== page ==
Artificial intelligence has been making its way into nearly every facet of modern life from self-driving cars to tagging photos on facebook. In such a human-driven industry like healthcare, many are skeptical about where AI will fit in.
However, it doesn’t have to be human versus machine— rather, the future can be humans working with machines, according to panelists at the Women in Health AI event at the GPU Technology Conference in San Jose this morning.
In order for the AI tools to work well in the clinical space it’s important to incorporate a diverse group of voices developing those systems.
“In healthcare, just building an app is not good enough. In fact, it’s useless if you don’t involve people from many, many different backgrounds,” Kimberly Powell, vice president of healthcare at Nvidia, said during the panel. “Just building a neural network that can outperform some benchmark is 100 percent useless in healthcare if it doesn’t come from the right space.”
Powell said it’s key to understand the space that the technology is being developed for. Oftentimes that means starting with a problem and talking to clinicians.
Radiology is one area of medicine where AI has been making headway.
“It starts from having a clinical need. The radiologist identified this need a couple of years ago and it has been a topic in our major meetings where they are trying to educate all of the radiologists about AI,” Dr. Elizabeth Jones, of the National Institutes of Health, said on the panel. “What we find is that the radiologist in their workflow is very frustrated. We take some of the smartest people on the planet, and they are frustrated with their work, they say it doesn’t work well for them. They find they don’t have information at their fingertips. That’s where a light bulb went off — now is the time we have large data sets, AI, deep learning in our own department where we have been investigating AI and deep learning for years. So it all just came together kind of by accident.”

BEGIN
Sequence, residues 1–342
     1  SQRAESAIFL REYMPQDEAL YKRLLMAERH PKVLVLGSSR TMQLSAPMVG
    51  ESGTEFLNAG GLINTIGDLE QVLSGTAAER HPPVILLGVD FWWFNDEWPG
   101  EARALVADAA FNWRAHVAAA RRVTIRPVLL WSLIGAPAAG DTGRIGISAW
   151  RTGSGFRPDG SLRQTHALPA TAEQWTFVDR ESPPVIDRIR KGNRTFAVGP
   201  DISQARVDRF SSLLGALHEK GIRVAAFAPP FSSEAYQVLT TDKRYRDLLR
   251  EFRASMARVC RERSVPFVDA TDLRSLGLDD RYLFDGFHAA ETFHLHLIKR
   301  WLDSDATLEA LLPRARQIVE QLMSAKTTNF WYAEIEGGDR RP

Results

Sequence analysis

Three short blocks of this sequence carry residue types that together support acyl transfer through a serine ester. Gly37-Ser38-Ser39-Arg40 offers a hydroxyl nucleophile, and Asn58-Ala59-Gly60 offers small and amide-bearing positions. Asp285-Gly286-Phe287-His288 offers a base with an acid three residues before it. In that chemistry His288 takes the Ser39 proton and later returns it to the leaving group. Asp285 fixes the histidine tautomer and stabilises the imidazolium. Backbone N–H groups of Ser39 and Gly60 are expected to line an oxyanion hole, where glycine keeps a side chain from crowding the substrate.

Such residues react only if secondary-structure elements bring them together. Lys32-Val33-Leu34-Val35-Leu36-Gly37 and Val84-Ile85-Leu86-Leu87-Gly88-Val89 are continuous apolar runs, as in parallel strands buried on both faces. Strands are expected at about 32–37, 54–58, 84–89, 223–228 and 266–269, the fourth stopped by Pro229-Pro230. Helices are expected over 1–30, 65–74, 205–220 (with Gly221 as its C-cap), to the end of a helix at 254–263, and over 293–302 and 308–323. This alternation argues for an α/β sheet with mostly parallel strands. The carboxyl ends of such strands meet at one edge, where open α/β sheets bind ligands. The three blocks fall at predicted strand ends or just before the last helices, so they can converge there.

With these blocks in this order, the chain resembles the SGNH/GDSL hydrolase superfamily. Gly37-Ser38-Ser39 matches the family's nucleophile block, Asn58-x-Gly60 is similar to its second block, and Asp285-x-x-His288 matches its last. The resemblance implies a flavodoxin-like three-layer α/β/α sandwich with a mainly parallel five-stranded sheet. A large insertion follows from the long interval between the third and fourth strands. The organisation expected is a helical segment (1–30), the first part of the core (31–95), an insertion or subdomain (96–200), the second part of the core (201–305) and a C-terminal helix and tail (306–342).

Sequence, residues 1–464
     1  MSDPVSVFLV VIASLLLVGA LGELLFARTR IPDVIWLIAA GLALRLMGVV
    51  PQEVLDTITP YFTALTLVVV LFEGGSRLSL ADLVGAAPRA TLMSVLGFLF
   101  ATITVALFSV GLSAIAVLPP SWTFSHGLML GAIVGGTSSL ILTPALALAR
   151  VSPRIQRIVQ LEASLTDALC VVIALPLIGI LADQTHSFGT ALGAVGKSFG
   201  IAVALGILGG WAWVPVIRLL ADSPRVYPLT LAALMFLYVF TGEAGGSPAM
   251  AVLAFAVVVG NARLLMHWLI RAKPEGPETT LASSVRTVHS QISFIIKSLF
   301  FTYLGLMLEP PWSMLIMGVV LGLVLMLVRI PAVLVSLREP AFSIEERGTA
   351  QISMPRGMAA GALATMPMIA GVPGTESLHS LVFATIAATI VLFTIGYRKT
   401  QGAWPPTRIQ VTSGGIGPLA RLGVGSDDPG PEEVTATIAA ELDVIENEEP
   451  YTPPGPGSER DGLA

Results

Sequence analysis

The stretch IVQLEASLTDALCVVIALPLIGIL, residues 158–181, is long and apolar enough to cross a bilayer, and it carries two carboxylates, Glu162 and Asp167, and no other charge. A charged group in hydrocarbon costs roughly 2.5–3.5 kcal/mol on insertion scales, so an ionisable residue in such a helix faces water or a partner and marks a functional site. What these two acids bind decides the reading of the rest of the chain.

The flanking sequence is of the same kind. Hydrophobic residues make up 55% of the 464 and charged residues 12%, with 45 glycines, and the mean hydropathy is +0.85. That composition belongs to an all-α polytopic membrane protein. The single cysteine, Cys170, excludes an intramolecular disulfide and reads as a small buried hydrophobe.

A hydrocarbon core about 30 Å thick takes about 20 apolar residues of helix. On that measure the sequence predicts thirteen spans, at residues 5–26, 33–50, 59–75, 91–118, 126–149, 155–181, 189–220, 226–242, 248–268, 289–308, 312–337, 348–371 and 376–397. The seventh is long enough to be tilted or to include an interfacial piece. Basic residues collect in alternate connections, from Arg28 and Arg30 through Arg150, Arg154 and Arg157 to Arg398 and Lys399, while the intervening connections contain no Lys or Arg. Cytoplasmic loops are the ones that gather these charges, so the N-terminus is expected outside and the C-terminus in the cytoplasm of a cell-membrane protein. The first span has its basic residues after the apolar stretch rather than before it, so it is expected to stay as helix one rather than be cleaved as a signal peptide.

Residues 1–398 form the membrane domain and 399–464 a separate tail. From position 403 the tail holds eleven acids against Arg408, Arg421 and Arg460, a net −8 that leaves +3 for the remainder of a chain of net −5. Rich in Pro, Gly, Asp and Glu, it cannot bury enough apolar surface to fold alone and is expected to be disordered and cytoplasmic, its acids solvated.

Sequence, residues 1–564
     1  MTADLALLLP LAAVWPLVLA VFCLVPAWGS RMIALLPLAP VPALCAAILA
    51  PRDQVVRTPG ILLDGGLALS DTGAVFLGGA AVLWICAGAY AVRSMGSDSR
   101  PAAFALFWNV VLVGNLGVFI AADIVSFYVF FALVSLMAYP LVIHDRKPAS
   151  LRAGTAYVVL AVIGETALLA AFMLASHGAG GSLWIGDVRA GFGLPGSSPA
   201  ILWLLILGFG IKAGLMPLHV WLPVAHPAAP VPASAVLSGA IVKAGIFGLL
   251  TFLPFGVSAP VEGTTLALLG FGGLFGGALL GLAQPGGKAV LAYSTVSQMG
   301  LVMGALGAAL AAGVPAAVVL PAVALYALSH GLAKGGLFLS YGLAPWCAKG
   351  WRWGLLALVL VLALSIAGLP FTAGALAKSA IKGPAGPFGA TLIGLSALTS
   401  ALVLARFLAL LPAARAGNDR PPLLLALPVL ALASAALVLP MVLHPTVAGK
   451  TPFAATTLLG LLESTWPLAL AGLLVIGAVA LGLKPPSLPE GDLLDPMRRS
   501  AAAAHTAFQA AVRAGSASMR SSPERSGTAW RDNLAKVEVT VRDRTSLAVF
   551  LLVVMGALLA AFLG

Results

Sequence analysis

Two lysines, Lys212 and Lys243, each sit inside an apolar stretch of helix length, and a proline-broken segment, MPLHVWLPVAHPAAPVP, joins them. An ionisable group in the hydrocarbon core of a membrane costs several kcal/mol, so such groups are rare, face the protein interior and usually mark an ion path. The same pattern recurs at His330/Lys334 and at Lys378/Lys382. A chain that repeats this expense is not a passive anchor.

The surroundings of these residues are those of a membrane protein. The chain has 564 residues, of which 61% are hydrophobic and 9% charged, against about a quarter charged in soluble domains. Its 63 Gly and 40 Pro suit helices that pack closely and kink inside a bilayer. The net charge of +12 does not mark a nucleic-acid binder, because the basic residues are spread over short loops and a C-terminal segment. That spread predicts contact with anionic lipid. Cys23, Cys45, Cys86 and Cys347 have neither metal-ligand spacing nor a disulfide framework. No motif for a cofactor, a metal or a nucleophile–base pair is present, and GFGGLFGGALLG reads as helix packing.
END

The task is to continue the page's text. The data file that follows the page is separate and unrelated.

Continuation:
It isn’t about cutting the human out of the equation, so much as giving the human tools to improve care. Sahar Arshad, cofounder and chief operating officer at healthcare AI company CloudMedx, discussed how her tool was most effective when the human worked with AI. She referenced a study her company conducted where physicians took a mock medical licensing examination on their own, AI took the exam, and then humans and AI worked together.
“The average score of the humans was 75 percent, whereas the AI was 85 percent. So it out performed the humans,” she said. “When AI and [humans] were working together, the score was 90 percent. So when you work in an augmented manor it can really drive the real outcomes.”
Implementing AI is really about looking at a problem and then finding the tools that could help tackle this issue, according to Karley Yoder, director of product management for AI at GE Healthcare. She compared it to other industries where the technology is already being implemented, as a possible avenue for how AI could work in healthcare in the future.
“I think about the driverless car. None of us are excited about it because it has AI. We are excited about it because my two-hour commute this morning could have been 90 minutes and I could have been productive and there [would have been] no accidents on the road,” Yoder said. “So the skillset that is needed, especially from a product side of AI, is to really understand the problem that needs to be solved and then work with smart data scientists and engineers and then construct how you can use that technology to go and solve that problem.”
Editor's note: This story is part of our coverage of GPU Technology Conference. Nvidia, which organized the conference, invited MobiHealthNews to the event and paid for travel and accommodations. As always, MobiHealthNews maintains its editorial independence and made no promises to Nvidia, including about the content or quantity of coverage.